The Church is not intended to perpetuate itself as a movement, but to bring its purposes and its realization within the whole social order of which it is part. It is not an entity unto itself, fulfilling its own requirements and seeing only to its own perpetuation. It is intended to be the “salt in the earth” (Mt 5:13), and the “light unto the world” (Mt 5:14). It is intended to permeate the world. I want you to understand this, and I am only recently coming to understand it myself. Though I despise and hate the world as a system, God wants us to remember that God still “so loves the world.” “The earth is the Lord’s, and the fullness thereof, and those that dwell therein” (Ps 24:1). We have a Kingdom mandate and a dominion mandate to the world and in the earth, and the fulfillment of it is going to require a quality of life, relationship, and commitment with ourselves to each other that is beyond what has been presently understood as Church.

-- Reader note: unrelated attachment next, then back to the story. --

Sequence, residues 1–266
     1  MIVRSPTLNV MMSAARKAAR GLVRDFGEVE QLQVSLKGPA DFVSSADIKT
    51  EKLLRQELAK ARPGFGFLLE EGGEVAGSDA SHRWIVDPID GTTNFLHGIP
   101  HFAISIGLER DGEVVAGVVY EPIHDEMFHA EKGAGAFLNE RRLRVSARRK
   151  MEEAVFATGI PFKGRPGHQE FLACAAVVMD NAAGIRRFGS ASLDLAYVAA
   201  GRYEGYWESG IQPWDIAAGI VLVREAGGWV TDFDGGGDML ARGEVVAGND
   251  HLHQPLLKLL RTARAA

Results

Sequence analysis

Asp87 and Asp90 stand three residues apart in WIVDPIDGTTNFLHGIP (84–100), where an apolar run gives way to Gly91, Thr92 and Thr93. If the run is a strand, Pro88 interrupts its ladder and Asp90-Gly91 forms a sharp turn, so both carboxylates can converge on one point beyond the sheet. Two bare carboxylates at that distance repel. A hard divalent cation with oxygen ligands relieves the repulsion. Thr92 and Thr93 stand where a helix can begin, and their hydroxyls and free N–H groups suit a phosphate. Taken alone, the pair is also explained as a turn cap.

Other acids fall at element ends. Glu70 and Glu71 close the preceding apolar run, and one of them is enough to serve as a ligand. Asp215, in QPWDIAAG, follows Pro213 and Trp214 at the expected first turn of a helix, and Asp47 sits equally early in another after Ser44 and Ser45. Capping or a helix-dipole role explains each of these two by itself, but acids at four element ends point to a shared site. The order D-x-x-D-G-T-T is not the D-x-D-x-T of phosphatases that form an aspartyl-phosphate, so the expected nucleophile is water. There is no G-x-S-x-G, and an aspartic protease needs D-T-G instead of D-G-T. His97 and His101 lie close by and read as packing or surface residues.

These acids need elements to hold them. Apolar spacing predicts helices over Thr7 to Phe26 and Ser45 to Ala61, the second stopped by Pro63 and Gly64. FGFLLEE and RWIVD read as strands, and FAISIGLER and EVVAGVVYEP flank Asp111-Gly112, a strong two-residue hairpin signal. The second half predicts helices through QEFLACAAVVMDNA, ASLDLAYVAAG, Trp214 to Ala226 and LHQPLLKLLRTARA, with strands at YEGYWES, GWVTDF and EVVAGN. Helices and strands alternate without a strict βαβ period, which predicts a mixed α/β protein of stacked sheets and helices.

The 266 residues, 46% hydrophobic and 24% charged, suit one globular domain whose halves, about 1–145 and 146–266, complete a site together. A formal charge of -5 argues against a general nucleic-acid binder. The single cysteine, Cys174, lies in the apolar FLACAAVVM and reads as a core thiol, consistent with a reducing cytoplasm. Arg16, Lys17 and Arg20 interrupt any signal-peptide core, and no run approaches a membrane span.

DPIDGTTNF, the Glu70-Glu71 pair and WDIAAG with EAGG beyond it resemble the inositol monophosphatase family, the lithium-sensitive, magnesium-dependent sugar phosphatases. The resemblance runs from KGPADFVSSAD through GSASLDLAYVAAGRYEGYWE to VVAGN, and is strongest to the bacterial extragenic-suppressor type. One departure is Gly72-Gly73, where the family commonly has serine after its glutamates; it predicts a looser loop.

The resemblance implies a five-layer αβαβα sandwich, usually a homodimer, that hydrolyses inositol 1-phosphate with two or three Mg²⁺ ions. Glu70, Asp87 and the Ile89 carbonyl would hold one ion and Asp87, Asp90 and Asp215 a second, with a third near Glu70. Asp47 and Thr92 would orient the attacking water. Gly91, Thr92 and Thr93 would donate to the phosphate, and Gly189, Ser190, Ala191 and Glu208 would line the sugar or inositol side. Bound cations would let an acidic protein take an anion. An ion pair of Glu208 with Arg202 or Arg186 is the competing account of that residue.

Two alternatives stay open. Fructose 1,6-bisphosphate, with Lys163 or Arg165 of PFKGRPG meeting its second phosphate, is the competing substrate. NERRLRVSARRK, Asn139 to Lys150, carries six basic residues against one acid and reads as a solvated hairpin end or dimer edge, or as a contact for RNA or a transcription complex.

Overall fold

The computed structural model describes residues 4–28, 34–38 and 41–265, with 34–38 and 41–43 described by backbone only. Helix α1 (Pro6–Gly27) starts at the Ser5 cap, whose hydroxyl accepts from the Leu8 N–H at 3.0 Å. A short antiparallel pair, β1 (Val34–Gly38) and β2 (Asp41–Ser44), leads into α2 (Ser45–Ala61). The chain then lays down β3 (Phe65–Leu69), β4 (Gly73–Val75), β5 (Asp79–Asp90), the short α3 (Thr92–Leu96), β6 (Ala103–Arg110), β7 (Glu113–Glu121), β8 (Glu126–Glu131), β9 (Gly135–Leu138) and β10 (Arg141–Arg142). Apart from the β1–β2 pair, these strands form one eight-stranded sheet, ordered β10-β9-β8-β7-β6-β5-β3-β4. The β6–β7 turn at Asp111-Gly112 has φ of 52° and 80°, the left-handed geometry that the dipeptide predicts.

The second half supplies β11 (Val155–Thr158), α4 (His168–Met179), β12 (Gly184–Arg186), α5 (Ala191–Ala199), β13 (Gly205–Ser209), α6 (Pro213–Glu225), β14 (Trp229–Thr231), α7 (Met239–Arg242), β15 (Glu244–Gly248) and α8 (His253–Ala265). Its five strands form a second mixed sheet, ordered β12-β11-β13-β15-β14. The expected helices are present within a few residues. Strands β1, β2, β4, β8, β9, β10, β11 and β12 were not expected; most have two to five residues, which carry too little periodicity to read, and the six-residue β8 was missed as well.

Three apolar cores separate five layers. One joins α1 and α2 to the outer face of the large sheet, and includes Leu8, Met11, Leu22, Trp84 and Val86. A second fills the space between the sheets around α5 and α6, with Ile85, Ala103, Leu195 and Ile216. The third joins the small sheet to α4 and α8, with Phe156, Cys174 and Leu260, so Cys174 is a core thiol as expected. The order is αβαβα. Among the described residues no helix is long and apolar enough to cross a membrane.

It is a demonstration of the new, reconciled order of society under the rule of God. It needs to be brought to the larger social order so that it might become a reality in the life and history of the world. This is what Jesus meant when He said, “making disciples of all nations” (Mt 28:19). It is not just plucking a few brands from the fire, but bringing the divine perspective of God to the attention of entire societies. We are not to tolerate this secular distinction by which we safely stay on our side of the line and conduct our Sunday service and let the world go to hell because it has not a wisdom that it can only get from on high. To those who embody institutional power and authority, the Church announces the fact God is Ruler and calls them to fulfill their respective roles in submission to God’s authority and plans. The Anabaptists confronted magistrates with the biblical requirements of their office. They were conscious that the activity of God was not limited to the Church, and that His rule extends over all men, whether they recognize Christ or not. All authority is going to be brought under His feet. From the very beginning, “Of the increase of His government and His Peace there shall be no end” (Isa 9:7). There needs to be an increase, and that increase exceeds and extends beyond the borders and the parameters of the Church itself. “Of the increase of His government and His Peace there shall be no end.”